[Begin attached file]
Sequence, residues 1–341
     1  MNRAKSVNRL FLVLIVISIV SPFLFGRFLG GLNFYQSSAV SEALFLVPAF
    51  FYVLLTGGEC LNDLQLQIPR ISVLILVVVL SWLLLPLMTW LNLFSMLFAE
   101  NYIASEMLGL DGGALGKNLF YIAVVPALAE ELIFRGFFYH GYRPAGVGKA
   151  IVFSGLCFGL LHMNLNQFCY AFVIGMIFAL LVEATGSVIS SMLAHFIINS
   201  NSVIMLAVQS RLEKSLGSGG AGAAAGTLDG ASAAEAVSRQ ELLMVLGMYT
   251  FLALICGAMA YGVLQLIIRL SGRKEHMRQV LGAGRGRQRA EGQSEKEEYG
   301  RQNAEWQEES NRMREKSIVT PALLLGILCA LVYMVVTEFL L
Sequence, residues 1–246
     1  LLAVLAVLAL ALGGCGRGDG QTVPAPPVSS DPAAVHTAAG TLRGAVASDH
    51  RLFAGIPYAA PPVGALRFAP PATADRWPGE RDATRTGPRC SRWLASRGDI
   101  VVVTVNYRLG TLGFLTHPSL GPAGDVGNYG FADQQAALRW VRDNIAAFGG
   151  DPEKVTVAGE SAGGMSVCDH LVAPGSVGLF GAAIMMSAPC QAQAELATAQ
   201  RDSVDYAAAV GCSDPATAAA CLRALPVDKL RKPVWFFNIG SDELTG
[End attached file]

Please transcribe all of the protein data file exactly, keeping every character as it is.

Sequence, residues 1–341
     1  MNRAKSVNRL FLVLIVISIV SPFLFGRFLG GLNFYQSSAV SEALFLVPAF
    51  FYVLLTGGEC LNDLQLQIPR ISVLILVVVL SWLLLPLMTW LNLFSMLFAE
   101  NYIASEMLGL DGGALGKNLF YIAVVPALAE ELIFRGFFYH GYRPAGVGKA
   151  IVFSGLCFGL LHMNLNQFCY AFVIGMIFAL LVEATGSVIS SMLAHFIINS
   201  NSVIMLAVQS RLEKSLGSGG AGAAAGTLDG ASAAEAVSRQ ELLMVLGMYT
   251  FLALICGAMA YGVLQLIIRL SGRKEHMRQV LGAGRGRQRA EGQSEKEEYG
   301  RQNAEWQEES NRMREKSIVT PALLLGILCA LVYMVVTEFL L
Sequence, residues 1–246
     1  LLAVLAVLAL ALGGCGRGDG QTVPAPPVSS DPAAVHTAAG TLRGAVASDH
    51  RLFAGIPYAA PPVGALRFAP PATADRWPGE RDATRTGPRC SRWLASRGDI
   101  VVVTVNYRLG TLGFLTHPSL GPAGDVGNYG FADQQAALRW VRDNIAAFGG
   151  DPEKVTVAGE SAGGMSVCDH LVAPGSVGLF GAAIMMSAPC QAQAELATAQ
   201  RDSVDYAAAV GCSDPATAAA CLRALPVDKL RKPVWFFNIG SDELTG